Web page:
Over the next week, we worked to gain Andy's trust.  We were jubilant when he finally took food from our hand even though he still wouldn't let us touch him.  Andy was an excellent walking companion.  He heeled, even without a leash or collar.  We all loved him and my mother-in-law particularly liked going for walks with him.

But Andy wasn't perfect.  He liked to bark, or bray, as hound dogs do.  He knew zero commands and no matter how many times we used his name, he didn't recognize it.  He also liked to chase dark colored cars.  Then one day, he became obsessed with running out into traffic on a nearby busy road.  A very busy, 55 mph road.  And the next day, during one of their walks, he lead my mother-in-law out into that busy, 55 mph road.  It was terrifying.  While my brain had known we couldn't keep him, my heart was set on loving him until the end of time.  But that moment of looking out and realizing they were both out in the road....  Well, I knew at that moment Andy couldn't be ours.  

On Sunday evening I made the dreaded call to Animal Control to say that we couldn't take care of him any longer and they agreed to come pick him up on Monday.  About ten minutes before Animal Control arrived, Andy allowed me to touch him for the first time.  I scratched his chin, then his ears, then the top of his head and he flopped himself over and presented me with his belly to rub.  And then Animal Control showed up and took him away.  It was horrible.  Horrible!  But at the same time, I know he wasn't the dog for us.  The timing just wasn't right.  He needed much more attention than we are able to provide at this time, not to mention a Huge fenced in area to run around in which we do not have.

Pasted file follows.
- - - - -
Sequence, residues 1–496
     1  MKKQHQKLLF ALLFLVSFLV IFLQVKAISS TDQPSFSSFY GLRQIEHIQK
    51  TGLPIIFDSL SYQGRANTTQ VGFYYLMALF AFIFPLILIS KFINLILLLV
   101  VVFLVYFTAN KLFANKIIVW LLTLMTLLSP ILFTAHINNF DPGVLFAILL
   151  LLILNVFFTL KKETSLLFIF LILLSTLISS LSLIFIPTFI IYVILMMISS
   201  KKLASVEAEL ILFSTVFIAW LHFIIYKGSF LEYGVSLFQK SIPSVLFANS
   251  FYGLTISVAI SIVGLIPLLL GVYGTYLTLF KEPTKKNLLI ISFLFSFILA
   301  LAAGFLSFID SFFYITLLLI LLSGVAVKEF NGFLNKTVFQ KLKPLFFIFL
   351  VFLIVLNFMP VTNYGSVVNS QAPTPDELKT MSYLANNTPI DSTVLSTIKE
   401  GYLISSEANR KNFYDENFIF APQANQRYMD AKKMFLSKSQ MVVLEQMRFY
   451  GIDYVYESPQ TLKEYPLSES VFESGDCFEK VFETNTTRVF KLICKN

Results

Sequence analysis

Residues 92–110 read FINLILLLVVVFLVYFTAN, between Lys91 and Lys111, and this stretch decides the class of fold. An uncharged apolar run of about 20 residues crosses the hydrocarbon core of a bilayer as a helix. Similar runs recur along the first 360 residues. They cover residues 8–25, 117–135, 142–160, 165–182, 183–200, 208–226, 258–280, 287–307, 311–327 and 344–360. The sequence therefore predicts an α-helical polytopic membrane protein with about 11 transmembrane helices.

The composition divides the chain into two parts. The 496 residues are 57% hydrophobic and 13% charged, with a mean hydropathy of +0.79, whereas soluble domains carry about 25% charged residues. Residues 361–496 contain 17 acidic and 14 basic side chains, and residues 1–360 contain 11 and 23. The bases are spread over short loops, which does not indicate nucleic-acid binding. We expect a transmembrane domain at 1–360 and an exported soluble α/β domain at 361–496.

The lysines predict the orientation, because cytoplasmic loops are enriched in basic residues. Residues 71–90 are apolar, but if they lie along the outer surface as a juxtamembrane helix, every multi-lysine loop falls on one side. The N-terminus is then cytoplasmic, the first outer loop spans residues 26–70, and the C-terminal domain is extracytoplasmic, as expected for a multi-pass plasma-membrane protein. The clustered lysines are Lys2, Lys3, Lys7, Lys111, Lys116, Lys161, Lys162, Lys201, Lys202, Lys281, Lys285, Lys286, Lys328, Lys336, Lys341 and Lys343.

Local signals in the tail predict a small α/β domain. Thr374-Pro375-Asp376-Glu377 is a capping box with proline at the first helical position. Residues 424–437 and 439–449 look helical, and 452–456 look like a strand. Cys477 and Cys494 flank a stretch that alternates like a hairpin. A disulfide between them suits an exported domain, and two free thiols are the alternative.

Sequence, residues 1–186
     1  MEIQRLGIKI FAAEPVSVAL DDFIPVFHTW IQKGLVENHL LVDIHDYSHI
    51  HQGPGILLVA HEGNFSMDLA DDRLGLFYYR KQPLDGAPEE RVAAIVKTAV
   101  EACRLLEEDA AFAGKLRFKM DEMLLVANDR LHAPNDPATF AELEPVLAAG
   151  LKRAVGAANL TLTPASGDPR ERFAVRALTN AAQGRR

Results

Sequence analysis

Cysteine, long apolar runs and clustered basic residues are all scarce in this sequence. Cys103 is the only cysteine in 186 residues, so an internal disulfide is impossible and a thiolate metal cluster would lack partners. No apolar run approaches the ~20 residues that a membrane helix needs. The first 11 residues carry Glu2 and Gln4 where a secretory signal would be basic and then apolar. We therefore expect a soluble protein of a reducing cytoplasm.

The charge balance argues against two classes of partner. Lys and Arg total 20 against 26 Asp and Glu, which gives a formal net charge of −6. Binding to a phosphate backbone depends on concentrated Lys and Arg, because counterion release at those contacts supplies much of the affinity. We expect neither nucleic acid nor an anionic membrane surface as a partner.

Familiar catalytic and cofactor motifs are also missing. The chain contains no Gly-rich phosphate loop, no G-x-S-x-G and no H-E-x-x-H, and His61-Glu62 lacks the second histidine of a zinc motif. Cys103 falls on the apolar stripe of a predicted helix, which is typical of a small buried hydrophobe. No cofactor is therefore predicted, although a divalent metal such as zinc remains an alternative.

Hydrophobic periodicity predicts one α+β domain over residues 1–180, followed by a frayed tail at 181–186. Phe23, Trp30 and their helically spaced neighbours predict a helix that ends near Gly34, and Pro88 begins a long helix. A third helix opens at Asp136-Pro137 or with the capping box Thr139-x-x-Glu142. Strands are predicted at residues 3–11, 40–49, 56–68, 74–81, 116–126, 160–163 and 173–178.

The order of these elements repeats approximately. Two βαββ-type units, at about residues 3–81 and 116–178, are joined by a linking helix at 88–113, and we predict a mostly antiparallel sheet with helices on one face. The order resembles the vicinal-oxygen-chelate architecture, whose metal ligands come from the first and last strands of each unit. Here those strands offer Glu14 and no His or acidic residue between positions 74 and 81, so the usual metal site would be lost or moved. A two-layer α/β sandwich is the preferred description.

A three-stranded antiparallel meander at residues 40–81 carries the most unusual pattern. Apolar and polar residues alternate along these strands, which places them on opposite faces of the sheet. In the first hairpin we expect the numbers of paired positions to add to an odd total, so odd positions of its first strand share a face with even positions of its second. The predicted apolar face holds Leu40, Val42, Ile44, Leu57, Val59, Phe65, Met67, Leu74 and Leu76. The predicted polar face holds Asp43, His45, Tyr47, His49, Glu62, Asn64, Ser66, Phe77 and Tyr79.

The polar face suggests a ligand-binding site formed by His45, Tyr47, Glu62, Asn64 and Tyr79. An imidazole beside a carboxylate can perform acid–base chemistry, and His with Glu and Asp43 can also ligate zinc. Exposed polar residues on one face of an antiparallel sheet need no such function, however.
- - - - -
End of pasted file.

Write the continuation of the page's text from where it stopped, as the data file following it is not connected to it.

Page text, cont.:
Animal Control assured me that Charles City's pound is a no-kill shelter and that they would take good care of Andy.  They'd give him his shots and some training and turn him into a much more adoptable dog.  I sure hope they are right.  I have tears in my eyes just typing this but I also know that all my interactions with Animal Control were pleasant, and there were many interactions! In fact, I spoke with Officers Wiggins and Miller so much I feel like they need to be added to the top of my Christmas card list.  They were both so kind and helpful. They seemed to love and respect the animals and were nothing like the wicked people you see portrayed in the movies.  They even put Andy's toys in his kennel before driving off.

I miss Andy desperately!